We'll offer some tips and provide you with resources as we talk about efforts to stop and prevent bulling in Illinois and around the nation with two guests:  Dorothy Espelage, Professor of Educational Psychology at the University of Illinois, Urbana-Champaign and Debra Chasnoff, documentary filmmaker.

Dorothy Espelage has conducted research on bullying, homophobic teasing, sexual harassment, and dating violence for the last 18 years. She leads a team of undergraduates, graduate students and staff in an effort to make schools more safe.

Debra Chasnoff is an Academy Award-winning documentary filmmaker whose work has fueled progressive social-change movements in many fields. She is president and senior producer at GroundSpark, a national social justice media, advocacy, and education organization, and co-creator of The Respect for All Project, a program that produces media and training resources to help prevent prejudice among young people.

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September 05, 2012

Is School Too Easy?

Dr. Christopher A. Koch, Illinois State Superintendent of Education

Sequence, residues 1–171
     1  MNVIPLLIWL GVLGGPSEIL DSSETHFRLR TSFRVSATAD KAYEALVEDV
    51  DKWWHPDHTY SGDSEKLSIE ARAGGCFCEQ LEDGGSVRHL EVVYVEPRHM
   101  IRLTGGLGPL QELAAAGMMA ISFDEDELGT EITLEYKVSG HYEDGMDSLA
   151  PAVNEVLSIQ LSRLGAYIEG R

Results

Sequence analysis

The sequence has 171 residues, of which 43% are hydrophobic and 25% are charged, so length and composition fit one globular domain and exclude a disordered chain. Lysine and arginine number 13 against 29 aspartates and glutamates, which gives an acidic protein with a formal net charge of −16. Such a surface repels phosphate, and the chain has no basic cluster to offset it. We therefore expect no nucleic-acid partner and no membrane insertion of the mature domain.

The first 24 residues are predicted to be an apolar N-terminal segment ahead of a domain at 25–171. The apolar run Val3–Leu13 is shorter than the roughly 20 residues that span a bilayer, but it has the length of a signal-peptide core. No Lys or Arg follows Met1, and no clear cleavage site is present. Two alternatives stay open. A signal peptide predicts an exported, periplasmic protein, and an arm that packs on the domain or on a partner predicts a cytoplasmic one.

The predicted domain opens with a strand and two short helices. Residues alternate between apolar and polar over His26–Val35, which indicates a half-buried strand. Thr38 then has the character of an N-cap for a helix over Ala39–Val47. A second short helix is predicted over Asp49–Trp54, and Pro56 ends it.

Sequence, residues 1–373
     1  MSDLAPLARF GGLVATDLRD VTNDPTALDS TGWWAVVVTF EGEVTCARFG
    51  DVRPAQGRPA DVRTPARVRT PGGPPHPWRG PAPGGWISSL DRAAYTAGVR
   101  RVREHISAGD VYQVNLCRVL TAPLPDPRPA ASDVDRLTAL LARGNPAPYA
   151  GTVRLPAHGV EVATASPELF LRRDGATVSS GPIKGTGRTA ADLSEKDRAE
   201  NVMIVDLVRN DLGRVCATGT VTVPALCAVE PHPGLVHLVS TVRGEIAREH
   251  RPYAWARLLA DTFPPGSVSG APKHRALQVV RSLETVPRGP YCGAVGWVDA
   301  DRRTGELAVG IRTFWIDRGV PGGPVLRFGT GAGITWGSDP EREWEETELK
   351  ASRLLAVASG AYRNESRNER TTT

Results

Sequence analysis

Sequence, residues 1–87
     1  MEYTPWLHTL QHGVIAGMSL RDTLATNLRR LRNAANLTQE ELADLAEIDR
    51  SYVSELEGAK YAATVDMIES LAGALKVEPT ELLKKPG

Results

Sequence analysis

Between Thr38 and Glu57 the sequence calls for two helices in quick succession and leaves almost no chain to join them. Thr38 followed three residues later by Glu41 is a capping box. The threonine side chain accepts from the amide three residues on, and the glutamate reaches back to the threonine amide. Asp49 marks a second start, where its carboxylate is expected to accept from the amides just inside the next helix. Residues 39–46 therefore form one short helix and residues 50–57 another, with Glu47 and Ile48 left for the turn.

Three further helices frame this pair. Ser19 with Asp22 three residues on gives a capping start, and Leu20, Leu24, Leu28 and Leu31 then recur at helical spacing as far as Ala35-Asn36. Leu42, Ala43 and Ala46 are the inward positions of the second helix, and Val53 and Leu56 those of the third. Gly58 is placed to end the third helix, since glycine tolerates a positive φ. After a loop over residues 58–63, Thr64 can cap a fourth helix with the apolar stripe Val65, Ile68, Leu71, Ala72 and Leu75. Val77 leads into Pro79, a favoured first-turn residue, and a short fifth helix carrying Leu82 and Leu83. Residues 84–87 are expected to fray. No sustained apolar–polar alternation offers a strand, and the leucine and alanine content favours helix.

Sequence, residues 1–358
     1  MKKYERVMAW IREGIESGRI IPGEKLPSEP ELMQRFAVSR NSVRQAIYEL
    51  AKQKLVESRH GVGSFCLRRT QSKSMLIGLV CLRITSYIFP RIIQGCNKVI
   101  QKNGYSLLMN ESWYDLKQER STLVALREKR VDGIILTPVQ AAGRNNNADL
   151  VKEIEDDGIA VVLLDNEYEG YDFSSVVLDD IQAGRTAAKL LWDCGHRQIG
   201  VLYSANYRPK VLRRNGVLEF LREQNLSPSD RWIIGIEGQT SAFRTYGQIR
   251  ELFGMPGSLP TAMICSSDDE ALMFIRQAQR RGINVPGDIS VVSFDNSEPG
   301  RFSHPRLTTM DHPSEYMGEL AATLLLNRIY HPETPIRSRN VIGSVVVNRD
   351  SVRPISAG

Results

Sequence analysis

Ulrich Boser, Senior Fellow at the Center for American Progress, Co-author of CAP study

Host: Craig Cohen

We often wring our hands over failing schools, and worry about drop-out rates, and students who just can't catch up. But public policy does not as often focus on those students who excel, and seek stronger academic engagement. According to a recent report released by the Center for American Progress, student surveys conducted over the last three years by the Department of Education’s National Assessment of Education Progress indicates school may, in fact, be too easy for a lot of students. Among the findings:

•37% of 4th graders say their math work is "often" or "always" too easy;
•57% of 8th graders say their history work is "often" or "always" too easy;
•39% of 12th graders say they rarely write about what they read in class.

Is it possible that, after years of aggressive efforts to push for standardized testing in public schools, we’ve created an environment of “teaching to the test” that has resulted in some students simply not being challenged? How does classwork today compare to 10, 20 or 30 years ago? And what about “grade inflation?” What message do we send to students who can earn GPA greater than 4 on a 4 point scale? In short, is school, for some, truly, just too easy?

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July 02, 2012

Student Loan Debt and Default, a National Crisis?

More than 90 percent of today’s students earning a bachelor’s degree borrow money to pay for school. That can leave them with a huge burden of debt when they graduate. Why have so many students turned to borrowing to pay for college? And what happens to them and to the country if they can’t repay their loans? Our guest will be Lauren Asher, president of the Institute for College Access and Success, and we’ll explore the growing problem of student debt.

This is a repeat broadcast from Wednesday, May 16, 2012, 10 am